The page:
Fighting for single-member districts

Jane Derrick

In 1970 all of the Waco, Texas city council positions were elected at large and the candidates preferred by the East and South wards (predominately black and Hispanic) lost in the citywide election. The NAACP publicly took a stand against at-large elections. The League of Women Voters began to study the issue in 1971 and came to consensus in1972 in favor of single member districts. The study included historical research and interviews with community leaders.

During the historical research it was discovered that in 1950, soon after the first black person ran for city council, the method of electing the city council was changed from the ward (single member district) system to a system in which the council member from each district was voted on by the entire city.

The executive board of the NAACP, East Waco Branch, was interviewed regarding the political situation. They said, “We feel helpless and desperate. We are almost to the point of calling in outside help to organize us so we can be more effective politically—not violently. Every time we put up a candidate, the whites put up an opposing candidate that does not represent us and elect him.”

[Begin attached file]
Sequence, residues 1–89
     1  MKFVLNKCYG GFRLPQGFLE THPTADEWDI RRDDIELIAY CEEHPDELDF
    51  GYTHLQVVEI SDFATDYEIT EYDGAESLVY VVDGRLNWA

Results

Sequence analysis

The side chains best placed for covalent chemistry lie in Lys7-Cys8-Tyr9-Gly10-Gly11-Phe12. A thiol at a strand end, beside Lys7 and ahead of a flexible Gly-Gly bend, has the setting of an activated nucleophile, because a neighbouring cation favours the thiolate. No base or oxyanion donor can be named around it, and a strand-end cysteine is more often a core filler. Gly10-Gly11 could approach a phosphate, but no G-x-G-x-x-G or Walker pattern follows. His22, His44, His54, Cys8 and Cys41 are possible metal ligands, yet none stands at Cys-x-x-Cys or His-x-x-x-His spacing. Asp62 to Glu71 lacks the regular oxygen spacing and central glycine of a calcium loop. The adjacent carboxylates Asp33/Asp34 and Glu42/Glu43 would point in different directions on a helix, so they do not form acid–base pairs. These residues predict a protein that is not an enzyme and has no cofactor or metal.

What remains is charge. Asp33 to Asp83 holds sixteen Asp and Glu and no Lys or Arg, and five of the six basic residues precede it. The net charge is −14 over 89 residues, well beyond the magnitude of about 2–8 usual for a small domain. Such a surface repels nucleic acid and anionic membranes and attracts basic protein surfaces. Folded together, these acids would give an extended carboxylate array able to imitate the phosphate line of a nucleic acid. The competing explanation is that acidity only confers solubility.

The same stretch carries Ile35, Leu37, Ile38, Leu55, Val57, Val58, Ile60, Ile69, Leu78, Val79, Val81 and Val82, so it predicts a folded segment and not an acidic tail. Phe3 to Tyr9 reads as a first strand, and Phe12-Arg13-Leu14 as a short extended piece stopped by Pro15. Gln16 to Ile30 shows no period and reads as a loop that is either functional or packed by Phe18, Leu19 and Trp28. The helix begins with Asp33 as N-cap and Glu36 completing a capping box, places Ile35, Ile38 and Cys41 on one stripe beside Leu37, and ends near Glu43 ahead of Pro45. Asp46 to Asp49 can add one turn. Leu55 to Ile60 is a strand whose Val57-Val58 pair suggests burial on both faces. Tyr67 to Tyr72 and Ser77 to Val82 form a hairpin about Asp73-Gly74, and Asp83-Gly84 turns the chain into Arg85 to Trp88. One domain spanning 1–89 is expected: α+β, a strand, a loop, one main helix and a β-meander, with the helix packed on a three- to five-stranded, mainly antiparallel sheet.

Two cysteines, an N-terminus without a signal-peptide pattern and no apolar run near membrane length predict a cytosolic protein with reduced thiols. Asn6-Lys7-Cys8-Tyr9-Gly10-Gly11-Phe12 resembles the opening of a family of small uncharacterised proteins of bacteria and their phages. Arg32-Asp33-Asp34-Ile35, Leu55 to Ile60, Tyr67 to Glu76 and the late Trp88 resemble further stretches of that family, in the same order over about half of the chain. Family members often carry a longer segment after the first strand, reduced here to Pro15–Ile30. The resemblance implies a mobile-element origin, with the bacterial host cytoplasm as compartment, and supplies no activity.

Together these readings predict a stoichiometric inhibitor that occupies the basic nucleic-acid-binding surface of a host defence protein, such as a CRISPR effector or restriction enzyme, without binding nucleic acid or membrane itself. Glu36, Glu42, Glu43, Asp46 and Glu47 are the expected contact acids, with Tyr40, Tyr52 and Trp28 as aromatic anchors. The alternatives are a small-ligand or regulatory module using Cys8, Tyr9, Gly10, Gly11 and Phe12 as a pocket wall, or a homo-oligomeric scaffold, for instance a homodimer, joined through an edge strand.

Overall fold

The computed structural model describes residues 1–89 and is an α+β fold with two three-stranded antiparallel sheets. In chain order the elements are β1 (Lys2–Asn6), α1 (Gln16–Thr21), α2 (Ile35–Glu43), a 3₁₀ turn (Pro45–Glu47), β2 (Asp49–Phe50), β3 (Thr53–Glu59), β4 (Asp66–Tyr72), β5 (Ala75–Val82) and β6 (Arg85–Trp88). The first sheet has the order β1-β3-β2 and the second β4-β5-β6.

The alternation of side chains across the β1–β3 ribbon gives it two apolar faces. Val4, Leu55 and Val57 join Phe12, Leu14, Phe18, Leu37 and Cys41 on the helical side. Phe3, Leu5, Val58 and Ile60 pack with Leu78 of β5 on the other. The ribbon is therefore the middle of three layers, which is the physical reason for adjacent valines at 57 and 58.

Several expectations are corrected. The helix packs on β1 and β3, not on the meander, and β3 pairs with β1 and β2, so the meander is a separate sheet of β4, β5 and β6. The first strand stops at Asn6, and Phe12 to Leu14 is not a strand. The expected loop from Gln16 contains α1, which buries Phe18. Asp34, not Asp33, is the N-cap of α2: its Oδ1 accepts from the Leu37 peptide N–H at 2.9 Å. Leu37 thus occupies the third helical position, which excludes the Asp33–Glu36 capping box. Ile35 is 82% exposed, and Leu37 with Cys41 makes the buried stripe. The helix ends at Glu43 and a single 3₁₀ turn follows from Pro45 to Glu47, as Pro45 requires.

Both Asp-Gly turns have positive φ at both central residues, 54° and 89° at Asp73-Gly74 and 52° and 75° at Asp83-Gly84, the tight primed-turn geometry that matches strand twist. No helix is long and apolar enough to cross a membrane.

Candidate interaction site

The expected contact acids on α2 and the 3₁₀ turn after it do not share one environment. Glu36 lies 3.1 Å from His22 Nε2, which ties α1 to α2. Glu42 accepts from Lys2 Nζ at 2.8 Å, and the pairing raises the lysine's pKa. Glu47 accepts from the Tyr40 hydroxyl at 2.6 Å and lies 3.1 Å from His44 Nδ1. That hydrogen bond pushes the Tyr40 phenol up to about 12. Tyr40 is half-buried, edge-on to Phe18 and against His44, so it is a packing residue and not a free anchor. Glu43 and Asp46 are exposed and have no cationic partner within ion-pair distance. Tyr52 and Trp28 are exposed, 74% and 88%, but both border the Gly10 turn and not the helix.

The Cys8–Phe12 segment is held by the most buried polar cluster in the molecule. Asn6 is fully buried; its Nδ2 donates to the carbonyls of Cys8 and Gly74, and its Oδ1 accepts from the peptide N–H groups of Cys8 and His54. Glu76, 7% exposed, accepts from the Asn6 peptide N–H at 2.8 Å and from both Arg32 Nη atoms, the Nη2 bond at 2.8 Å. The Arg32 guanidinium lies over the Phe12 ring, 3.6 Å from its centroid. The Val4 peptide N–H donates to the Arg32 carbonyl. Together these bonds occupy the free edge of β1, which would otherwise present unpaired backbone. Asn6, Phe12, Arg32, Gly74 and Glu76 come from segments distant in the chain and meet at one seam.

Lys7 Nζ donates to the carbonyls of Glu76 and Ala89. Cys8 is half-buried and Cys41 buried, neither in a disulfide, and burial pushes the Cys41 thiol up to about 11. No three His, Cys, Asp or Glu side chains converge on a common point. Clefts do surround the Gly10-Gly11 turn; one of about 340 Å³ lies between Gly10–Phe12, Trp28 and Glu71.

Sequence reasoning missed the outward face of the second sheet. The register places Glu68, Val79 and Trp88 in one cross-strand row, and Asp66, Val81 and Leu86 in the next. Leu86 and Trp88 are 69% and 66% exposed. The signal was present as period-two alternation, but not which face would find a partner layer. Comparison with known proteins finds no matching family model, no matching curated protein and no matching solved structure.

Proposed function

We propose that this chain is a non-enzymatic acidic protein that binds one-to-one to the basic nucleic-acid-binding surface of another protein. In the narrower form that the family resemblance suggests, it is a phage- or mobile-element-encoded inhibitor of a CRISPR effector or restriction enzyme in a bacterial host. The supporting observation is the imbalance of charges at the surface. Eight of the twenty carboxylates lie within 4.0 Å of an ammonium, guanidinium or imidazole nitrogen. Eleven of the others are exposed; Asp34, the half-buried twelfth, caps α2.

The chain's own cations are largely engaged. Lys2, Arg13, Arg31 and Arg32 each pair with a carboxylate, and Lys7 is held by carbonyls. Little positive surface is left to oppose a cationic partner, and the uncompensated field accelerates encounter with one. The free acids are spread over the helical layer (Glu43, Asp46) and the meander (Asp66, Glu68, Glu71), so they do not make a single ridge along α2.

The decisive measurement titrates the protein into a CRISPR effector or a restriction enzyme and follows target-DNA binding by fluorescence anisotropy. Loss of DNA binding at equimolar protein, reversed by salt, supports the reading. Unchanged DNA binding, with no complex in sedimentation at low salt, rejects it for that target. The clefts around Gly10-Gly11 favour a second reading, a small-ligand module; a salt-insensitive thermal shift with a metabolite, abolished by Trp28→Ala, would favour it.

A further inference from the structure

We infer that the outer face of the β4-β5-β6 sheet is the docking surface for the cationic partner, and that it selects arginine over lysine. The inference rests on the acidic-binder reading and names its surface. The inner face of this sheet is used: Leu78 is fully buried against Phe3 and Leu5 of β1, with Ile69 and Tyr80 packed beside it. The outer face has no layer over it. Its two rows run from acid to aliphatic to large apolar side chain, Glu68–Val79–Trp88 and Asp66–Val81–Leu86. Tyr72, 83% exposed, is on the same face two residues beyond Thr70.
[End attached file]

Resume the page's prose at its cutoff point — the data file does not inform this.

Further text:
Representatives from community groups in favor of single member districts were called to work together by the League of women Voters in 1972. The group named itself the Committee for Responsive Government. After exploring various action options, it decided to bring suit against the City of Waco to change the system.

On January 16, 1974, with the help of ACLU lawyer, David Richards, of Austin, Texas, nine members of the group, including African Americans--William Halliburton, Wilbert Austin, and Lela Briscoe; Hispanics—Roland Arriola, Pete Arvizu, and Frances Ortega; and Whites—Jane Derrick, Kathy Patteson, and Myrtle McKinney filed suit. On April 19, 1976, a judgment was made in the case of Jane Derrick, et al vs. Harold Mathias, et al in favor of the plaintiffs and the City of Waco was ordered to change to the single member district method of electing the city council.

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